Search engines organize for you the vast streams of information on the internet and even help you make sense of it all. Consequently, which search engine to use has always been a matter of contention for web users, especially with Bing entering the fray.
To drill down to the short-listed candidates, we ran a few exploratory searches on the most popular as well as many obscure engines, including ask.com, cuil.com, exalead and alltheweb. We found that most of them could not deliver consistently relevant results, especially when it came to local search terms.
Since at the time of testing Yahoo and Bing still haven’t consolidated their back-ends, we’ve considered them separately. To eliminate user bias, on certain search terms, we decided to use the BlindSearch (blindsearch.fejus.com) tool. The results are displayed in three separate columns which keep changing randomly with each term. Each relevant result appearing closest to the top was awarded a point. We created a mixed bag of search terms in different categories. Some terms were general, such as Indian economic policy, while a whole category was devoted to terms of local relevance such as sweet shop mumbai, thermocol balls near vashi, Bandra-worli sea link map, ganesh chathurthi, and roti. The most fun category of search terms was the set of terms used to determine the indexing capabilities of the search engines. Here we had to come up with random, obscure strings of sentences such as evolution of “samurai crabs”. These would determine if the search engine is capable of crawling for obscure bits of information. Then a whole set of terms were tried that were time sensitive, such as swine flu and Leno show. Since image search is one of the most used features, we settled on a few image terms as well.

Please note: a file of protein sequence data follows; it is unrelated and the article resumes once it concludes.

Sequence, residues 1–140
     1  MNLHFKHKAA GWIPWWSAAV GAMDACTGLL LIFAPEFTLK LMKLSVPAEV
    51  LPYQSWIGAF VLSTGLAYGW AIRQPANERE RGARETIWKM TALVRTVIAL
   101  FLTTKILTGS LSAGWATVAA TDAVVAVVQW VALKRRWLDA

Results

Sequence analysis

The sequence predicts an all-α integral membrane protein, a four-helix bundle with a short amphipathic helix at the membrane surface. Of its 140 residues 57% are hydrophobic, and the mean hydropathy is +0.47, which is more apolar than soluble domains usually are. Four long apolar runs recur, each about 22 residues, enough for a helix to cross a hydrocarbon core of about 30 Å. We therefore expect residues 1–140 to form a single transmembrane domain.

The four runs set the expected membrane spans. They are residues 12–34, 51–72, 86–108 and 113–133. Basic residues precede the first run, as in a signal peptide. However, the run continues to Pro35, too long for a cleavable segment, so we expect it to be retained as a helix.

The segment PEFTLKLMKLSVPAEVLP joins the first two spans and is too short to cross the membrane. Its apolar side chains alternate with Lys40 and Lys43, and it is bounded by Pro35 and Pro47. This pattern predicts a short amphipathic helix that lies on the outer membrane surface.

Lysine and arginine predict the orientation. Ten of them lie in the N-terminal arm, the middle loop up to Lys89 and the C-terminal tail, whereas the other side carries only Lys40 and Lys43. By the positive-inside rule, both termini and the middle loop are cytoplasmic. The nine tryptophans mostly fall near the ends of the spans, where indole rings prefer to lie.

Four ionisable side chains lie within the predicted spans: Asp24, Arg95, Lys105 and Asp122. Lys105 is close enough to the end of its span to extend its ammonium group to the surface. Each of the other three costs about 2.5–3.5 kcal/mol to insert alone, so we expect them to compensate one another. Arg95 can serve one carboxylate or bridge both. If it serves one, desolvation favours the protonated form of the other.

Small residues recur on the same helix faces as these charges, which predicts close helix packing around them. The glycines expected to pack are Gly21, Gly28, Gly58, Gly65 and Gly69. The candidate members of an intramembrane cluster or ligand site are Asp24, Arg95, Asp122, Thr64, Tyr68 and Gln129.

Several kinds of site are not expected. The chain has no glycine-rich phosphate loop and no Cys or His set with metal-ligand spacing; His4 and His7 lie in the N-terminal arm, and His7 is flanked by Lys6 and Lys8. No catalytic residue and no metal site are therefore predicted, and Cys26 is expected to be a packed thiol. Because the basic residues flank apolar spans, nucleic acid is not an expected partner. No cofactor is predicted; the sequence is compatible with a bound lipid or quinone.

In the blind test, Google and Bing ran neck and neck. While Yahoo! didn’t garner many points. That put Google and Bing in the lead for the rest of the categories of search. As far as calculations were concerned, both Bing and Google were fairly similar so we decided to raise the bar, and queried speed of light in furlongs per fortnight. Google calculator displayed the result correctly, while Bing pointed to the result. Bonus points for Google on that one. For local search, let’s take the case of mumbai sweet shop. Google returned literally hundreds of results with direct maps and direction support that worked quite well. There were even reviews available for some of the listings. Bing on the other hand returned only a handful of local results; six to be precise. It had map direction and the capability of reviews, but none were available for our search. Also, driving directions didn’t work. For Roti, Bing, Google and Yahoo! offered similar results. However, Bing showed a few videos right at the top. Other than these, as far as the index size or number of results go, Google was ahead. For images, Google and Bing were almost the same, while Yahoo! certainly lagged behind for difficult searches such as “Naneghat map”.
Going by overall scores and relevance of results, Google was the winner. But certainly not by a mile, and Bing is close on its heels. With the imminent integration of the two runners up, Bing may just have some tricks up its sleeve in the near future to overthrow the reigning champion. But Google has also revamped itself with Caffeine, so we’re in for a lot of action in the months to come.